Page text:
Moreno, A; Manrique-Silva, E; Viros, Amaya; Requena, C; Sanmartin, O; Traves, V; Nagore, E; School of Medicine, Universidad Catolica de Valencia San Vicente Martir, Valencia, Spain (2019)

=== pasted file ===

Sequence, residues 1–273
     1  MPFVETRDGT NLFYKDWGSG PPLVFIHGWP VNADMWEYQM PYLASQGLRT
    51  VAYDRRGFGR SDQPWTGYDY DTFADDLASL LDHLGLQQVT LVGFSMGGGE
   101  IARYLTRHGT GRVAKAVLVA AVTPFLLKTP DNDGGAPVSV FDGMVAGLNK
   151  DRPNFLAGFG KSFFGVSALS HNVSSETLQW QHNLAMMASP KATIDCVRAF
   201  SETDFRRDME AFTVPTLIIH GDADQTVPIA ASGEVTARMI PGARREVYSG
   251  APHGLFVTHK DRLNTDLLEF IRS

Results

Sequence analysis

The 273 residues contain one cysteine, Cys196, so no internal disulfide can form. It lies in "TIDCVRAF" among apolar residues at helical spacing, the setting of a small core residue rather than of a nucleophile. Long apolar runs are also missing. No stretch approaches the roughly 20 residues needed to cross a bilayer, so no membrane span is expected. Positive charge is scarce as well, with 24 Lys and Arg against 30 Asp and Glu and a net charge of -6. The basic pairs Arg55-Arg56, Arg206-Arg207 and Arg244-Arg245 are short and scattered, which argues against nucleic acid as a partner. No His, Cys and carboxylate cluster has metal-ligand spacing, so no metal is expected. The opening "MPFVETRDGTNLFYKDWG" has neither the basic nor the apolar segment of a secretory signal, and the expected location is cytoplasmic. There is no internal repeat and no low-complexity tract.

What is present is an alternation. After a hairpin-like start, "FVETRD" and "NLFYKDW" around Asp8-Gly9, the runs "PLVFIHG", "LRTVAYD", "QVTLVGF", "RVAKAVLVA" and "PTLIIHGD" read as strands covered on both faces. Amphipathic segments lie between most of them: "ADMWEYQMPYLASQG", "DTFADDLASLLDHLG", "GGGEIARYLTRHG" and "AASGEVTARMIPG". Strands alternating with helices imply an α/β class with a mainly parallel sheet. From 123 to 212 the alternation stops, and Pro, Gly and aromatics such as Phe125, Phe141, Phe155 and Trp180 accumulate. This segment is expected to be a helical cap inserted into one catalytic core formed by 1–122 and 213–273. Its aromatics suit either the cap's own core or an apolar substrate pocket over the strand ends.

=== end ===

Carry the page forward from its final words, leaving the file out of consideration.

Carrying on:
Importance: Lentigo maligna (LM) presents an invasive component in up to 20% of biopsied cases, but to date the histologic features useful in detecting this invasive component have not been described. Some histologic characteristics are hypothesized to contribute to the progression of LM invasion. Objective: To identify the histologic characteristics associated with lentigo maligna melanoma (LMM) in patients with LM diagnosed by a partial diagnostic biopsy. Design, Setting, and Participants: A retrospective cross-sectional study of patients treated between January 1, 2000, and December 31, 2017, was conducted in a referral oncology center in València, Spain. Data and specimens of patients (n?=?96) with a diagnosis of primary cutaneous melanoma in the form of either LM or LMM who had undergone surgical treatment, a complete histologic examination of the whole tumor, and an initial diagnostic partial biopsy of LM were included in the study. Histologic assessment was blinded to the presence of an invasive component. Interventions: All biopsy specimens were evaluated for the presence of certain histologic characteristics. Main Outcomes and Measures: Comparisons between invasive samples and samples without an invasive component were performed. The differences in the distribution of variables between the groups were assessed using the ?2 and Fisher exact tests, and the degree of association of the relevant variables was quantified by logistic regression models. A classification and regression tree analysis was performed to rank the variables by importance. Results: In total, 96 patients had sufficient histologic material that could be evaluated. The patients were predominantly male (56 [58.3%]) and had a mean (SD) age at diagnosis of 72 (12) years. Of these patients, 63 (65.6%) had an LM diagnosis and 33 (34.4%) had an LMM diagnosis (an invasive component). The histologic variables associated with the presence of an invasive component were melanocytes forming rows (odds ratio [OR], 11.5; 95% CI, 1.4-94.1; P?=?.02), subepidermal clefts (OR, 2.8; 95% CI, 1.0-7.9; P?=?.049), nests (OR, 3.0; 95% CI, 1.1-8.6; P?=?.04), and a lesser degree of solar elastosis (OR, 0.4; 95% CI, 0.1-1.1; P?=?.07). A classification and regression tree analysis of the relevant histologic features was able to accurately identify lentigo maligna with an invasive component (LMM) in more than 60% of patients. Conclusions and Relevance: These findings may be useful in classifying early LM specimens at higher risk of invasion, which may eventually be relevant in identifying the most appropriate management for LM.